An octopus has eight legs and so do we!

A neat way to learn about the octopus and build teamwork in your classroom!

As I mentioned in my previous post, we read two books about an octopus and in our second book we learned that an octopus has eight legs or technically eight arms with suction cups (squids have tentacles)

Introducing a Story

After reading the book My Very Own Octopus by Bernard Most, we asked the children if they would like to have a pet octopus too! Most of our students did not wish to have a pet octopus but they did want to tell us about their pet dogs, turtles, or other pets they had…

As we read the book, we discovered that because an octopus has eight legs, he can do lots of things that we can’t do with only two legs (or arms) like hold eight different things at the same time or shake your hand with eight different hands. However, even with all the cool things a pet octopus might be able to do, our students still preferred having a pet dog or turtle…

Expanding on the Story

But when I told the children that they actually can have eight legs, they told me that this could not be possible. The children were certain that they could only have two legs so I set out to prove to them that they could indeed have eight legs…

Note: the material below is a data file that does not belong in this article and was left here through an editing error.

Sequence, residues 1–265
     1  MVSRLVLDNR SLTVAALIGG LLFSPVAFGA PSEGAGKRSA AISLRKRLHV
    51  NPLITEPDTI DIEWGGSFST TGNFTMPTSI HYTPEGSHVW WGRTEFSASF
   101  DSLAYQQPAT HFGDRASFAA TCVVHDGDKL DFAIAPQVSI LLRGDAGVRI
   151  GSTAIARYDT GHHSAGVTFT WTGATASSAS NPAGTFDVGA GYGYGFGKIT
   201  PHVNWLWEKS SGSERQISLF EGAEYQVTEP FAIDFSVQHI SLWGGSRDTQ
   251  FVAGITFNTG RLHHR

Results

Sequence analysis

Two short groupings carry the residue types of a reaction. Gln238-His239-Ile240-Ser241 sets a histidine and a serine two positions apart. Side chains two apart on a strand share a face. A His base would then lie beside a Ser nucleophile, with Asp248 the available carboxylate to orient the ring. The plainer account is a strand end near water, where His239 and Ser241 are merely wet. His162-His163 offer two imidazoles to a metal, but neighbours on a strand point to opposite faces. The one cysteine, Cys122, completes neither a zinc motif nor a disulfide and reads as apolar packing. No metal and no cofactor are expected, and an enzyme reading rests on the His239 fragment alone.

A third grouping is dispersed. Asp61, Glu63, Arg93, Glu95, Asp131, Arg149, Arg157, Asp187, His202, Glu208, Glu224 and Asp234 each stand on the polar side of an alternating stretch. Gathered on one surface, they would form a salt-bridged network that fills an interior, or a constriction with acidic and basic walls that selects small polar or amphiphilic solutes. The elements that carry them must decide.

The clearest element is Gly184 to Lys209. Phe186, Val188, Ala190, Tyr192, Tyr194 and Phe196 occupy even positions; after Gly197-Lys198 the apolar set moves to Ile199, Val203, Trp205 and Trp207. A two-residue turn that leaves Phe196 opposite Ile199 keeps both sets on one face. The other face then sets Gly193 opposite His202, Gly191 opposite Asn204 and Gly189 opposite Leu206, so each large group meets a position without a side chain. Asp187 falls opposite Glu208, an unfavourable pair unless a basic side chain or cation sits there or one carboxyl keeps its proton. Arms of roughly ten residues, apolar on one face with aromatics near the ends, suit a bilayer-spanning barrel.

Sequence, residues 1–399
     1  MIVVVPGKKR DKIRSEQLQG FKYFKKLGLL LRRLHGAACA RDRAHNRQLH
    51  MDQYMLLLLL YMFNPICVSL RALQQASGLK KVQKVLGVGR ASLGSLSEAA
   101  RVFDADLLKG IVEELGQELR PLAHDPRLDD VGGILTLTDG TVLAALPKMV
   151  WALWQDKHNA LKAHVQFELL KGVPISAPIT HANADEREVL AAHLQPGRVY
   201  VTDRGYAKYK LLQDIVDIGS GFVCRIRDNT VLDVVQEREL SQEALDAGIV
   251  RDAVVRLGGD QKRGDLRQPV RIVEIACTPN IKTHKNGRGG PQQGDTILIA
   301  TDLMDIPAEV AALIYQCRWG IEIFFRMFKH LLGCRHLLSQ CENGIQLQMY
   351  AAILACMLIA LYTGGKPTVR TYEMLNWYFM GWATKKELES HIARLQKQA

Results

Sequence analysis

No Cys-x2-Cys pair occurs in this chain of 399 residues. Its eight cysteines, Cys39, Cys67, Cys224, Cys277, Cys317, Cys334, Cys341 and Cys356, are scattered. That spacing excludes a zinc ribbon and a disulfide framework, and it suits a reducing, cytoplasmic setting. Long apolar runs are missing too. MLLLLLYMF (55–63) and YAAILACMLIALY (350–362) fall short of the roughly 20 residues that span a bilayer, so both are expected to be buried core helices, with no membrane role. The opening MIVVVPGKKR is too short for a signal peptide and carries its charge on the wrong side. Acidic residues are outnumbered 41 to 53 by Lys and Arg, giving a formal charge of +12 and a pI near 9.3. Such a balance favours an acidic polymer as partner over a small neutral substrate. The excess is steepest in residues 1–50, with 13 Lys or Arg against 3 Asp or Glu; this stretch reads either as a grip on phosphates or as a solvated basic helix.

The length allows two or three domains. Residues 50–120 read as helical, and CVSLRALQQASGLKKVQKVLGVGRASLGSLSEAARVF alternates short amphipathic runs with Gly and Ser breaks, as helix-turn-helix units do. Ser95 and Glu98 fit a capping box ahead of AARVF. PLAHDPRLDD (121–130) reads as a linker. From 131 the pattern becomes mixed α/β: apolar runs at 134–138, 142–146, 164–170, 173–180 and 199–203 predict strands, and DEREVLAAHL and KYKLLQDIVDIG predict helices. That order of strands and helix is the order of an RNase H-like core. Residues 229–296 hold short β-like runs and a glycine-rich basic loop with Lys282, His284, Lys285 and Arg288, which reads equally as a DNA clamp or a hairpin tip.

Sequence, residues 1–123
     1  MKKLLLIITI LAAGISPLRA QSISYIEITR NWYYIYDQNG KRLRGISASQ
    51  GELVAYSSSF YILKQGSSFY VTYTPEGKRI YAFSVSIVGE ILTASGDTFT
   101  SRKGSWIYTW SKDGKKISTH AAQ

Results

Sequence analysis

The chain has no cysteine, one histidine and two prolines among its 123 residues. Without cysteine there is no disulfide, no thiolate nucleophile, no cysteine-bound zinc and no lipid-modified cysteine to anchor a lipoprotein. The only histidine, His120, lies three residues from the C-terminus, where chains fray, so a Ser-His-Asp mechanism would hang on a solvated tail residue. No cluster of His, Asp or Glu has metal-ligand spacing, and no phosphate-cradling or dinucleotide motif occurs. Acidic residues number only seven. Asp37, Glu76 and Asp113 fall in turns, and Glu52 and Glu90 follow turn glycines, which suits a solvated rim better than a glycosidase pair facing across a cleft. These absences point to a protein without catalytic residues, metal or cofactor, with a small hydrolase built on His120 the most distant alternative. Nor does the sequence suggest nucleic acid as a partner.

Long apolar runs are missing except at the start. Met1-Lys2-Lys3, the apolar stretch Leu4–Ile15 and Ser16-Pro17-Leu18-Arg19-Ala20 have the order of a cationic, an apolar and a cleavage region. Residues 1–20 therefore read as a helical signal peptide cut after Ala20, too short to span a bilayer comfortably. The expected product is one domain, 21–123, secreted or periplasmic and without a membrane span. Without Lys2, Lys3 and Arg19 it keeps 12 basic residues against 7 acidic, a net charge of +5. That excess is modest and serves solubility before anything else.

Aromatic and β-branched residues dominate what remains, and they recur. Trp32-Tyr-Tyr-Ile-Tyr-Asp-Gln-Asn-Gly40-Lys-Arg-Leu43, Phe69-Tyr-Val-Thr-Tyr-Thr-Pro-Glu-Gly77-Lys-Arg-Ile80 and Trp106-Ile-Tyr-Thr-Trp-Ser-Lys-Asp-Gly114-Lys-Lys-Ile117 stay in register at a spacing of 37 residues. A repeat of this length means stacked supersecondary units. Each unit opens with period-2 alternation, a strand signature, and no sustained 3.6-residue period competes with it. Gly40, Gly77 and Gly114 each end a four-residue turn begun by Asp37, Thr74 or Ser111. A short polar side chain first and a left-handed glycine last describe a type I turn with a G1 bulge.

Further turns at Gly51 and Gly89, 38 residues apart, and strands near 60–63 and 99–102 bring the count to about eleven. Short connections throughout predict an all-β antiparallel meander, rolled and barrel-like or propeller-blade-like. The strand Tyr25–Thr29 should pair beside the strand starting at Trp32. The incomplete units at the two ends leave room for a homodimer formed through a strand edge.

We started by selecting four children to sit back to back on the floor and counted how many legs we now had in all. Then the children were invited to stand up, hook arms and try walking with all eight of their legs…

Working Together

Have you ever tried walking with eight legs? This is not an easy task! It requires some coordination, cooperation, and lots of giggles along the way…

And who decides which way you are going to go when you have four heads to work with, too?

Practicing 1:1 Correspondence

Now that we knew we could have eight legs like an octopus, the children took a few minutes to count out eight legs for our felt board octopuses and then they were off to go and explore in our centers…

Available on Amazon

Links to Grow On

O is for Octopus by Teach Preschool

Simple Spiders (that look like an octopus) by Teach Preschool

Jellyfish in a Bottle by Boohm’s play blog

Deborah J Stewart

Deborah J Stewart

Every time I think I know everything I need to know about teaching young children, God says, "Hold on a minute!" and gives me a new challenge.

Let me tell ya...

With each new challenge that you overcome, you will find yourself better equipped and more passionate about teaching young children.

God didn't call wimps to lead, teach, or care for His children. Nope, he has high expectations, so get ready. You will have to give your very best but after teaching for over 30 years, I can tell you that it is a wonderful and rewarding journey.

Whenever your calling feels hard, just remember, 'He who began a good work in you (and in the children you serve) will be faithful to complete it.'

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